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A City Reinvented

Botero Square in downtown Medellin

It’s time for part 2 of my Semana Santa adventuring with my parents. What’s next on the list? Murder Capital of the World turned Safest City in South America. It’s time to tell you a little bit about Medellin.

Our hotel in colorful Jardin

Yummy food from our vegan restaurant haunt

But before we get to the history of Medellin, I want to share some stories and photos of a few places we visited outside the city. After the Amazon, we landed in Medellin and took a wild mountain taxi ride to a small colonial pueblo called Jardin. Once again, it’s a good thing my parents love me because my dad claims that taxi ride took a year off his life :). The town itself is beautiful, super colorful and true to its name, many of the brightly painted buildings are also dripping with flowers. While there, I spent an afternoon dealing with the hassle of registering for fall classes while half enjoying a cup of local coffee. Jardin is in the Coffee Region of Colombia, so clearly I had to try a cup. As you probably know, I’m a huge coffee fan (not) but it was for the experience.

Anyway, here I am sipping my coffee and battling scheduling conflicts (as is my life). About half way into my cup, I kind of set it off to the side to focus my attention on the quickly lengthening email chain with my advisor.

Cock of the Rock. Photo Credit:

As I’m sitting there, the waitress must have decided I was done with my coffee and whisked it away before I could react. Sad, but hey, at least this way I didn’t run the risk of getting caffeine drunk. (I had two cups of black tea the other day and was the giggliest, loopiest little ‘drunk chipmunk’ for hours. I think whoever wired my brain got a few wires crossed somewhere). While in Jardin, we found a fantastic little vegan restaurant and ended up eating every meal there for the entirety of our stay. Yet another place I want to take back to Boulder with me. Another thing Jardin has to offer is a bird reserve which is home to a bunch of Cock of the Rock birds. These aggressively red little fellows have little fear of humans when putting on a show for the ladies and we got to enjoy their crazy colors and sounds during an afternoon rainstorm.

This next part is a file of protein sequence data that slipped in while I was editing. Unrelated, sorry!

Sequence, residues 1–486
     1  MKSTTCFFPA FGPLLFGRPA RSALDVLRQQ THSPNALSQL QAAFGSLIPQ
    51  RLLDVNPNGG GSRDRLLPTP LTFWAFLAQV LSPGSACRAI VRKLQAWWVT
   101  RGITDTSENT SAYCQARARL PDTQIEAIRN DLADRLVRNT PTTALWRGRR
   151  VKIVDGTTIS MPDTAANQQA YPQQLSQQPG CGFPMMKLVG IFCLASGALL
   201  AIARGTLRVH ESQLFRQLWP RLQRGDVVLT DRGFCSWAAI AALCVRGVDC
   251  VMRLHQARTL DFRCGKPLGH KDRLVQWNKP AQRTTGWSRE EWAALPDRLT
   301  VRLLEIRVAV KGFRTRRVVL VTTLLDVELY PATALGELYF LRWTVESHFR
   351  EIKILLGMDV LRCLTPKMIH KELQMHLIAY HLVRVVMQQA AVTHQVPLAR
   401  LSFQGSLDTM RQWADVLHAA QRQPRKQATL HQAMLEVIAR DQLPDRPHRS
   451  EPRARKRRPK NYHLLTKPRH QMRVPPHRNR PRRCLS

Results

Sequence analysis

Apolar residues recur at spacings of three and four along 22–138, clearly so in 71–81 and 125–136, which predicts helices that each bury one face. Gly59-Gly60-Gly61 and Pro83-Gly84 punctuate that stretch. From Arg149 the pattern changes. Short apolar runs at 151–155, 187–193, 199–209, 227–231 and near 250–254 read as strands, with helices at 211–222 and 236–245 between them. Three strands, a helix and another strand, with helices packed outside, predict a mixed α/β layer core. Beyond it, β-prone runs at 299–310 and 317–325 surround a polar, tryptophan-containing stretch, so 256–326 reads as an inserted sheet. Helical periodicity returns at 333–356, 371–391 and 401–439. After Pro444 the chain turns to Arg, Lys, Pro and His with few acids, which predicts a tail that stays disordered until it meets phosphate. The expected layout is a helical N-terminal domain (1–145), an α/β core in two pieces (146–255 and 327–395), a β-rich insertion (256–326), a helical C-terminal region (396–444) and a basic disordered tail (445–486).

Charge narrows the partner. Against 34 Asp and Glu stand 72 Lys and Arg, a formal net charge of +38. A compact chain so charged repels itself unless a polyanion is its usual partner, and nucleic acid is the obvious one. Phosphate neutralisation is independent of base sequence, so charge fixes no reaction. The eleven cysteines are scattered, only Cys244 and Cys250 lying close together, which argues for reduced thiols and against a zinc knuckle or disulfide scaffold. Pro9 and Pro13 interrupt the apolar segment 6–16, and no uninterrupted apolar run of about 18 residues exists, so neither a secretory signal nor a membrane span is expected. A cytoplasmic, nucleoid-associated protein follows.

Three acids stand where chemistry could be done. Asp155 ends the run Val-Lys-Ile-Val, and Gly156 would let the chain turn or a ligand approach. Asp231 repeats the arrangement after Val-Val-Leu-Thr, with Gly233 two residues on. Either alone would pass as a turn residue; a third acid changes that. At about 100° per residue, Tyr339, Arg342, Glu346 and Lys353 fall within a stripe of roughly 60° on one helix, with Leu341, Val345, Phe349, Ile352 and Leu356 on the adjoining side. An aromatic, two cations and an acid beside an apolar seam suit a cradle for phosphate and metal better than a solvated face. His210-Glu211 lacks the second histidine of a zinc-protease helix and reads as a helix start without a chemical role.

Rafting the Rio Verde

Hiking down to the river

Next we met up with my friends from Canada and went rafting on the breathtakingly beautiful Rio Verde. Despite only being a few hours from a city of 4 million, we were the only ones on the river. I’m guessing it was a combination of its relatively difficult access and not being a big thing to do in Colombian culture, but I’m still shocked it was so quiet. To get to the river we drove 2 hours then piled 12 people into a Land Rover along with all the rafting gear. This resulted with people in laps and 2 people riding with the rafts on the roof. We took a brief stop in the village of San Francisco which was the location of intense conflict just 20 years ago but is now a lively, beautiful town. That being said, the police station still leans at an odd angle from a bombing, which along with the memorial to those lost in the war, gives the town a bit of heavy air.

Ever seen a kayak on a mule?

The road petered out a little ways past the town and we continued on foot followed by a train of mules carrying the rafts and kayaks. After an hour of slipping downhill through the muddy, lush jungle, we finally reached the river. The river itself boasted some very fun class 3-4 rapids and incredible scenery. Unlike the rivers I’ve been on in Colorado, this canyon sported none of the steep rock walls or sandy desert plants. Instead, it was dripping in a million shades of green and home to toucans and surely many other judge dwellers. There were a few sections of the river altered by human hands, as we passed patches of nearly vertical fields and several illegal gold mining rigs but most of it was deliciously wild. All in all, it was an incredibly beautiful trip and I wish our guides luck in their mission to protect it.

It rains a lot in the 'City of Eternal Spring.' In combo with lots of motos, this creates 'plastic bag humans'

Ok, now we can get back to the history of Medellin I promised you. When I started making plans to study in Colombia, I had many interactions that went something along the lines of “So I’m looking at studying abroad in Colombia.” “Isn’t that dangerous?” Amongst the general worry about my safety, I also got asked if I was going to ‘that drug city.’ Well yes, I did visit ‘that drug city’ and I even took my parents there. Unlike much of the US population still believes due to the media, Medellin is actually one of the safest cities in South America now and safer than several US cities. But also, wow does it have a bloody history. The change this city has seen in the last 20 years is just incredible and honestly gives me a lot of hope that not only can things change, they can change incredibly quickly. We went on a 4+ hour walking tour with a local guide and learned a ton, which I would love to share with you.